Teresa Flowers seemed to be able to do everything. She operated a small business, hosted a radio show and worked as a professor of photography at a local university. At the same time she was also receiving Social Security benefits because she claimed she was afflicted with a debilitating disease that limited her lifestyle. On October 2, 2012, Flowers pleaded guilty to making false claims to receive medical benefits and ordered to serve six months probation.
The Flowers case was one of 368 allegations of fraud investigated last year by the Utah Attorney General’s Office and the Office of Inspector General (OIG) for the Social Security Administration (SSA). In fiscal year 2012, SSA denied claims in 157 fraud cases and saved $21,424,033 from federal programs.
“The partnership between the Attorney General’s Office and Social Security Administration has been a huge benefit for taxpayers,’ says Utah Attorney General John Swallow. “For every dollar spent to investigate fraud, we recover ten dollars for taxpayers.”
The state and federal investigators for the Salt Lake City Cooperative Disability Investigation Unit often shoot surveillance video to help document whether people receiving benefits are truly disabled. However, some suspects are often providing the most damaging evidence by posting videos on YouTube, Facebook and other social media sites. Here are some examples of some recent cases:
• A 40-year-old man had been collecting disability benefits for nearly 18 years because he said he was badly impaired by depression, anxiety, asthma, obesity and sore muscles that he was unable to leave his house. His benefits ended after he posted videos showing him rocking out to heavy metal music, swinging on a swing set and riding a scooter.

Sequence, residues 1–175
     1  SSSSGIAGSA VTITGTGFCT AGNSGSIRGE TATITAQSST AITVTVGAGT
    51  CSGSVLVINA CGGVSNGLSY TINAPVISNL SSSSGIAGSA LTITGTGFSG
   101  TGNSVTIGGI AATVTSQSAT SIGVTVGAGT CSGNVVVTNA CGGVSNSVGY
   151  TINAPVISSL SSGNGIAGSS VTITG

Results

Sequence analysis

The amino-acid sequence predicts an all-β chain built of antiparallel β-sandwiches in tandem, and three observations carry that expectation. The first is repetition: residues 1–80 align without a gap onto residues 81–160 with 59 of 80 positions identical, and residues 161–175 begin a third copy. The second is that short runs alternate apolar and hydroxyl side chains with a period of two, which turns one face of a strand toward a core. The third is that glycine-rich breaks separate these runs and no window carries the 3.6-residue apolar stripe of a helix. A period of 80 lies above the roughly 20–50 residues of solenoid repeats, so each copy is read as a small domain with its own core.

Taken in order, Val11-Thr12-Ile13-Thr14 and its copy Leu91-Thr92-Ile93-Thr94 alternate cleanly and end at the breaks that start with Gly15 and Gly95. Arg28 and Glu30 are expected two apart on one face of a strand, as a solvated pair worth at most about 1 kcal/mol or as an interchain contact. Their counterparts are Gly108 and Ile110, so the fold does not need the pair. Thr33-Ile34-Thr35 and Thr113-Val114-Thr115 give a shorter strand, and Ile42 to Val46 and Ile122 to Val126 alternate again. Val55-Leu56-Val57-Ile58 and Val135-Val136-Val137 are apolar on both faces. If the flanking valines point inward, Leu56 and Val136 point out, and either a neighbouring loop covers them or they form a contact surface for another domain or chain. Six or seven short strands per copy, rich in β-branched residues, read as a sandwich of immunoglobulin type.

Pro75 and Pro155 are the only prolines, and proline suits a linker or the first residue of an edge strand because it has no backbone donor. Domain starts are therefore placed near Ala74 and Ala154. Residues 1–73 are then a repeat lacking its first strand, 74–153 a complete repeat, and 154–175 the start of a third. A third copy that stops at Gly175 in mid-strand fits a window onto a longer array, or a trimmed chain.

• A 37-year-old man claimed he was no longer able to work because of a broken heel bone, partially immobile ankle, chronic pain, arthritis and depression. Investigators watched him drive a truck, walk while carrying a baby seat and then run away when they attempted to interview him. His truck and t-shirt indicated he had a business for buying antlers.
• A 31-year-old woman had been getting benefits for four years because she said her mental disorders gave her low energy and it was too traumatic to be in public. Her benefits were cut after investigators found newspaper articles about her being “constantly involved in music projects,” YouTube videos of her performances, Facebook posts about the venues she was playing and investigators witnessed her perform at a concert for several hundred people.
• A 50-year-old woman was collecting benefits because she said her fibromyalgia, PTSD, degenerative disease, acid reflux, anxiety, stroke and restless leg syndrome made it difficult for her to walk and unable to work. Surveillance videos show her walking sometimes with a cane but many times she was seen walking normally without assistance. She was also seen climbing up to wash the top of her SUV and even told investigators she just went riding on her ATV the previous weekend.
“We want to make sure that people who truly have disabilities get the benefits they need but we have zero tolerance for fraud,” says Wilbert M. Craig, Special Agent in Charge, Denver Field Division, Office of Investigations, Office of Inspector General for SSA. “Our efforts to safeguard American tax dollars would not be possible without our strong federal and state partnership.”
The OIG Fraud Hotline is a place for the public to report any type of fraud related to Social Security programs. The number is 1-800-269-0271 or fraud can be reported online at http://oig.ssa.gov/report. A compilation of surveillance and social media videos involving Utah cases can be found here http://youtu.be/sjKPdQaQFBc.